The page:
Serbia seeks more arms and energy from Russia despite western qualms

US official recently urged Belgrade to choose between the EU and Moscow

Russian president Vladimir Putin (right) with Serbian president Aleksandar Vucic during their meeting in the Kremlin, in Moscow, on Tuesday. Photograph: Yuri Kochetkov/EPA

Russian president Vladimir Putin (right) with Serbian president Aleksandar Vucic during their meeting in the Kremlin, in Moscow, on Tuesday. Photograph: Yuri Kochetkov/EPA

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Serbian president Aleksandar Vucic met his Russian counterpart Vladimir Putin on Tuesday to discuss trade, energy and weapons deals, as Belgrade continues to strengthen ties with Moscow despite criticism from the US and some Balkan states.

Mr Vucic says Serbia should join the European Union while remaining outside Nato and refusing to sign up to western-led sanctions against Russia, which has strong historical and economic links to Belgrade and offers it diplomatic support on key issues.

At the start of talks at the Kremlin, Mr Vucic told Mr Putin in Russian that “we have successfully increased our trade turnover and done a lot on the question of our co-operation. We hope political and economic co-operation can be raised to the highest level”.

Mr Putin said Serbia could potentially connect to the major Turkish Stream pipeline that Russia wants to build to carry gas under the Black Sea to Europe. Those supplies could prove lucrative for Belgrade, if included in a deal agreed on Monday to allow Serbia to re-export Russian gas to other countries.

Ahead of Tuesday’s talks with Mr Putin, Mr Vucic said they “would discuss a large amount of very, very important questions, and we expect that a large number of important agreements will be signed.”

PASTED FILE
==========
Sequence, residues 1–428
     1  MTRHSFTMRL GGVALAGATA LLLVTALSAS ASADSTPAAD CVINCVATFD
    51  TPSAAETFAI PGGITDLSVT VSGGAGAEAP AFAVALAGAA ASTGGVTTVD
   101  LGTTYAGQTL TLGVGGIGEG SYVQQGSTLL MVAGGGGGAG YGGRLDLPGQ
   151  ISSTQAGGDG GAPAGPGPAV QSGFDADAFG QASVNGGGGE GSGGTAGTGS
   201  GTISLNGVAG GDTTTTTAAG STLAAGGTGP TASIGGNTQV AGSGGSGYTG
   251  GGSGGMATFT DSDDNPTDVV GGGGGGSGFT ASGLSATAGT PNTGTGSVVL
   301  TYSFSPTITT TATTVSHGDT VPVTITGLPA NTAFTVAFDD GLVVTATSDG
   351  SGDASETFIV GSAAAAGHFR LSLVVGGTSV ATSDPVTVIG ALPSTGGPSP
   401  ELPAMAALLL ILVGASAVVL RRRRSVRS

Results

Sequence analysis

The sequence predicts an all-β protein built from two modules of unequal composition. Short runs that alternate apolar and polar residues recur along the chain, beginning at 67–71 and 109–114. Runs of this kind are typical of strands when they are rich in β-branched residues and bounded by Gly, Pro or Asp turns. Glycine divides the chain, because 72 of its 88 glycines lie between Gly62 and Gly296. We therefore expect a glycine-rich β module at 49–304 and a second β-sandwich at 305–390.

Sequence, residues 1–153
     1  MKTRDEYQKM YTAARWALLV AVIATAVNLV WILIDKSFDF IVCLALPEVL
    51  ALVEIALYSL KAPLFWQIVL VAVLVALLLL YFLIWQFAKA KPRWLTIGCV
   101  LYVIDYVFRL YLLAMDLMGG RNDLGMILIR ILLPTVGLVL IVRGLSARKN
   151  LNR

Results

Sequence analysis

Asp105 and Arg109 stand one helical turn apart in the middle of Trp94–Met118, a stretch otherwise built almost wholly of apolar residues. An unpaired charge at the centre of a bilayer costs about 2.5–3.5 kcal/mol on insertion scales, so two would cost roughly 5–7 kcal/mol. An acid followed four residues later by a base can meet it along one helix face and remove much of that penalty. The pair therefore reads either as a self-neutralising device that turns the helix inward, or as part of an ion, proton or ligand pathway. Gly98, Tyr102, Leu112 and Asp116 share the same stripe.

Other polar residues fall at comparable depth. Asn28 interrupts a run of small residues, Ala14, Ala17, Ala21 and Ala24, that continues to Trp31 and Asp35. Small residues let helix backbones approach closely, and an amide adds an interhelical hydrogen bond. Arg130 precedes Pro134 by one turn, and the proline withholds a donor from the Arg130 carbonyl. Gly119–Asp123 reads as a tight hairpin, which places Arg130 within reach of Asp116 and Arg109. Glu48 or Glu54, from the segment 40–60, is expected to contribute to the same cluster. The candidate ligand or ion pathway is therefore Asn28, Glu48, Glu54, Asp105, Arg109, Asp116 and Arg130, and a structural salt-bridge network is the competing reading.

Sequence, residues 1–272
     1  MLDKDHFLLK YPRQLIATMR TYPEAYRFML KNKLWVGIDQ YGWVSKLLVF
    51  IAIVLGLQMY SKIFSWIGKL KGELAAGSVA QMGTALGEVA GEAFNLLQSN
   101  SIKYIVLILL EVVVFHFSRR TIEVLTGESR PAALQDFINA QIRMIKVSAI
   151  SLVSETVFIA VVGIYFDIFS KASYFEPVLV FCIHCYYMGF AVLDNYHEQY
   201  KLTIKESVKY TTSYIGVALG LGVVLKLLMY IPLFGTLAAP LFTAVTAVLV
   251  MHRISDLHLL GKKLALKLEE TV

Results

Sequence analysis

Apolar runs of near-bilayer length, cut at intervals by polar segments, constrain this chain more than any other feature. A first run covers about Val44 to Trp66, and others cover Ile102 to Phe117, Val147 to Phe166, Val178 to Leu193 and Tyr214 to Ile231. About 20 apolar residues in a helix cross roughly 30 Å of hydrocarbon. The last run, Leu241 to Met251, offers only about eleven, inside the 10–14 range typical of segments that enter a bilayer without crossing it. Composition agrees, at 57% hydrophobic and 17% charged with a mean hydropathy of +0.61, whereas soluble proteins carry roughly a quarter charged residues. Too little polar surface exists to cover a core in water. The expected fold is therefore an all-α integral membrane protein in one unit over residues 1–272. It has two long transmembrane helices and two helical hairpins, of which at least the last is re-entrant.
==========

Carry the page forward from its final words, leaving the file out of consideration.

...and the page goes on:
Fighter jets

Mr Vucic said he hoped for deals in energy, trade and Russian investment, and wanted to expand military co-operation that recently saw Moscow donate six MiG-29 fighter jets to Serbia’s military along with dozens of armoured vehicles.

“We also want to buy a minimum of six helicopters, air-defence systems and many other things because, don’t forget, Serbia is an independent and neutral country...Serbia should be strong so as to be able to preserve its land,” Mr Vucic told Russian news agency Tass.

Serbia’s military build-up has unnerved some of its neighbours in former Yugoslavia, which broke up in a series of wars in the 1990s when Belgrade was the main aggressor under nationalist leader Slobodan Milosevic. Mr Vucic served as his information minister, but now insists he wants a peaceful and stable Balkans.

Serbia and Russia were angered in October when US state department official Hoyt Brian Yee said Belgrade “cannot sit on two chairs at the same time, especially if they are that far apart” in reference to its relations with Moscow and Brussels.

Mr Vucic told Tass that Serbia would not bend to pressure, and sees “Russia as one of the key players in [our] future relations.”

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